This is an interesting long-form. The link appears below the quote but it was essential to highlight this passage:
The problem — or at least the change — is that we humans cannot understand systems even as complex as that of a simple cell.
It’s not that were awaiting some elegant theory that will snap all the details into place. The theory is well established already:
Cellular systems consist of a set of detailed interactions that can be thought of as signals and responses. But those interactions surpass in quantity and complexity the human brains ability to comprehend them. The science of such systems requires computers to store all the details and to see how they interact.
Systems biologists build computer models that replicate in software what happens when the millions of pieces interact. It’s a bit like predicting the weather, but with far more dependency on particular events and fewer general principles.To Know, but Not Understand: David Weinberger on Science and Big Data – The Atlantic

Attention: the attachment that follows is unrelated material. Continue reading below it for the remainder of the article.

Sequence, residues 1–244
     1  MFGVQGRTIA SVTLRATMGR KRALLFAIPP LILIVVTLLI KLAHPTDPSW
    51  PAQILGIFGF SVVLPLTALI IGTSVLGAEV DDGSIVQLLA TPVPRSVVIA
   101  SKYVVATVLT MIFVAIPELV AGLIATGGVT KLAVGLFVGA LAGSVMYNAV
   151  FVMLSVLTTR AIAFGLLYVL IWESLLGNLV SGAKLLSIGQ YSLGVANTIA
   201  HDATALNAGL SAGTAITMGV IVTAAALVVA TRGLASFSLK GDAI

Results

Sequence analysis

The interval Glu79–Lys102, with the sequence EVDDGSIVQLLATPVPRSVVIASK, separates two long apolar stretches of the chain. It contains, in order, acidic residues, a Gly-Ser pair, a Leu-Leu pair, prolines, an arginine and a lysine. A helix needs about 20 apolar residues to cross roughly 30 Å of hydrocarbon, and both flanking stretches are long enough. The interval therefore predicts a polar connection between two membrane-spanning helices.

Mathematical models cannot “predict” chance events, which explains the relentless (and sometimes) futile efforts to pour money into a “science” that forms the stuff for “science fiction”. For example, efforts to understand anti ageing in humans. Or attempts at understanding rejuvenation using stem cells. A spin off benefit from 3D printing organs would replace the need for human donors (subsequently) but investing good money to go after bad science like restoring youth requires a re-think.
It’s much like the AI and machine learning models- we are trying to “simplify” complexity without understanding its deeper constructs. It is difficult, if not impossible, to construct the understanding of “whole”. We must accept those limitations and focus instead on how individual pieces interact- it is only then we will get the entire picture.